If we now reverse the process i.e. we release the object from a certain height and let it fall to the ground. This object will release the 'stored' potential energy, which is equivalent to the difference of potential energy between the height it was released and the ground. In other words, an object will attempt to do work to release the 'stored' energy when there is a potential difference. This difference can be a postive or a negative one, depending whether it is A - B or B - A. It is, however, of no real physical significance whether it is positive or negative. In practice, it is common that we define the value of 'potential' mathematically such that energy is released when the object move from a high potential to a low potential, i.e. when A - B > 0 then energy is released and work is done by the system; but when B - A > 0, work needs to be done on the system instead. (although students should take note that there are special cases where it is defined that energy is released when moving from low potential to high potential, this is only a change of definition and does not affect what we observe in the real world).

A way to imagine this convention is to to take the analogy of river flowing from the mountain tops to the sea. River will always flow (i.e doing work) from a higher place to a lower place (i.e. high potential to low potential). When the surface is flat, the water does not flow (i.e. no potential difference)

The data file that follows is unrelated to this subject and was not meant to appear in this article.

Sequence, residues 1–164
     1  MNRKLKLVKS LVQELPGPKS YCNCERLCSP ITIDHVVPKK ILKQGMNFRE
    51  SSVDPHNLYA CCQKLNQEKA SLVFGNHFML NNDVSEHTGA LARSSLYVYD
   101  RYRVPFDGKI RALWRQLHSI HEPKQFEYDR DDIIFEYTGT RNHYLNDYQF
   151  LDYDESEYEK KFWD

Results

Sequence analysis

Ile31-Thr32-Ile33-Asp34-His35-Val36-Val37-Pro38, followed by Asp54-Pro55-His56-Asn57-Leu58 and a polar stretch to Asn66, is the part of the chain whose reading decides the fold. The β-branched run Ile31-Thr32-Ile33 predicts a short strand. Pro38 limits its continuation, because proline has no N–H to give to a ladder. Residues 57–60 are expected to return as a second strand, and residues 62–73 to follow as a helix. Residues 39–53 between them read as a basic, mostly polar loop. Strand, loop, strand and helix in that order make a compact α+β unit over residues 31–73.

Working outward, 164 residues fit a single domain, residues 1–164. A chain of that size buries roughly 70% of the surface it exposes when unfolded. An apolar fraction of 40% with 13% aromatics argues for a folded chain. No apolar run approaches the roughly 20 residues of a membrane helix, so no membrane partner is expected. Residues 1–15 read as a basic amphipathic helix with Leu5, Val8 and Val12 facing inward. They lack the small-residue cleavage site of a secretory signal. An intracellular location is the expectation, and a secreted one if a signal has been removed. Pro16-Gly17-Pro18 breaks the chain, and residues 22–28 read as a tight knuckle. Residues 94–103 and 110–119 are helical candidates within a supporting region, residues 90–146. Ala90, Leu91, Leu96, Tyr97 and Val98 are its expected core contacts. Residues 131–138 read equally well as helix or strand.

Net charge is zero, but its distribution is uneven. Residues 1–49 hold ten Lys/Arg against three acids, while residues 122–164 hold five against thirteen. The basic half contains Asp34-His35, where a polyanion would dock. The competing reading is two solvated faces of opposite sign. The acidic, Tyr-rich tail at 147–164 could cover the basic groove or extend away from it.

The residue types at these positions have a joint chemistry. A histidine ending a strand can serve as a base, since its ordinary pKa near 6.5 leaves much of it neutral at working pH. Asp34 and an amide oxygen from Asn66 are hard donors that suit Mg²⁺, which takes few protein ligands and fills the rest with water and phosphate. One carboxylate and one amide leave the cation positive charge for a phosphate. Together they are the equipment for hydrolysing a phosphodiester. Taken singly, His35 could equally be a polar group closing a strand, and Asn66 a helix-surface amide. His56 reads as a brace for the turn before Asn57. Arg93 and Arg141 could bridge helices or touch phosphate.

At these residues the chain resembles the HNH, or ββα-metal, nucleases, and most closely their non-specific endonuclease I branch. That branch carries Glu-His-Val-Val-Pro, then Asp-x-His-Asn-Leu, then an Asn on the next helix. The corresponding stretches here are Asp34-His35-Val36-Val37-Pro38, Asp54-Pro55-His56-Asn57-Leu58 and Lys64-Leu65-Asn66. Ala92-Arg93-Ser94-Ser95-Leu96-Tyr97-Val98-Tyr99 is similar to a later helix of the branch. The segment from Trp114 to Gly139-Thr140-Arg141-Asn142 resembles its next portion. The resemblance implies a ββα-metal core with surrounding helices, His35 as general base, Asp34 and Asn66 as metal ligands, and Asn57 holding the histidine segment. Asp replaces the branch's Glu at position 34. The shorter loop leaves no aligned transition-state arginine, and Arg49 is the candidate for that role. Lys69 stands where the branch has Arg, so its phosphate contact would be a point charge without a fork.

Potential Energy

If an electrical charge move from point A to point B under the influence of an electrical field, we could have as well said that this is due to a potential difference between A and B. This potential energy must have been stored when we moved, for example, a positive electrical charge against the electrical field. Just as when we lift a ball off the ground and release it, the ball would fall back to ground; so would the electrical charge if moved against the electrical field and then released, it will move back to its original position.

This stored potential energy due to moving a charge against electrical field can be calculated by using the simple equation:

Energy = Force x Distance.

However, if the force acts along a curved line, then the distance which the force acts may then not be trivial to calculate. We can still do this by assuming that a curved line is formed by a series of small arrows. The smaller the arrows, the closer it matches to the curve. In this way, we can calculate the energy that is stored in an electrical charge by tracing the force, F, along the small arrows. Energy is now equal to force x distance, i.e. F . dx where dx is the length of the very small arrow (Note: both F and dx are vectors. By taking the dot product of F and dx, we find the component of F in the direction of the small arrows.) When dx becomes infinitesimally small, this becomes an integration: ∫ F. dx

but F=qE, therefore

q ∫ E. dx = -Energy (to move from A to B). The negative sign is to indicate that work is done when moving an electrical charge against electrical field. As described above, this is just a convention such that we all agree energy is released when a charge moves from high potential to low potential points.

Energy/q = - ∫ E. dx
V = - ∫ E . dx

Therefore, potential difference is just the energy per charge. Now bringing the dx over the other side of the equation and considering only a small change in potential leads to:

- dV / dx = E

In 3-dimension, d /dx becomes (d/dx, d/dy, d/dz) which is equivalent to ∇. This suggests that E=-∇V, where ∇V is read as grad V.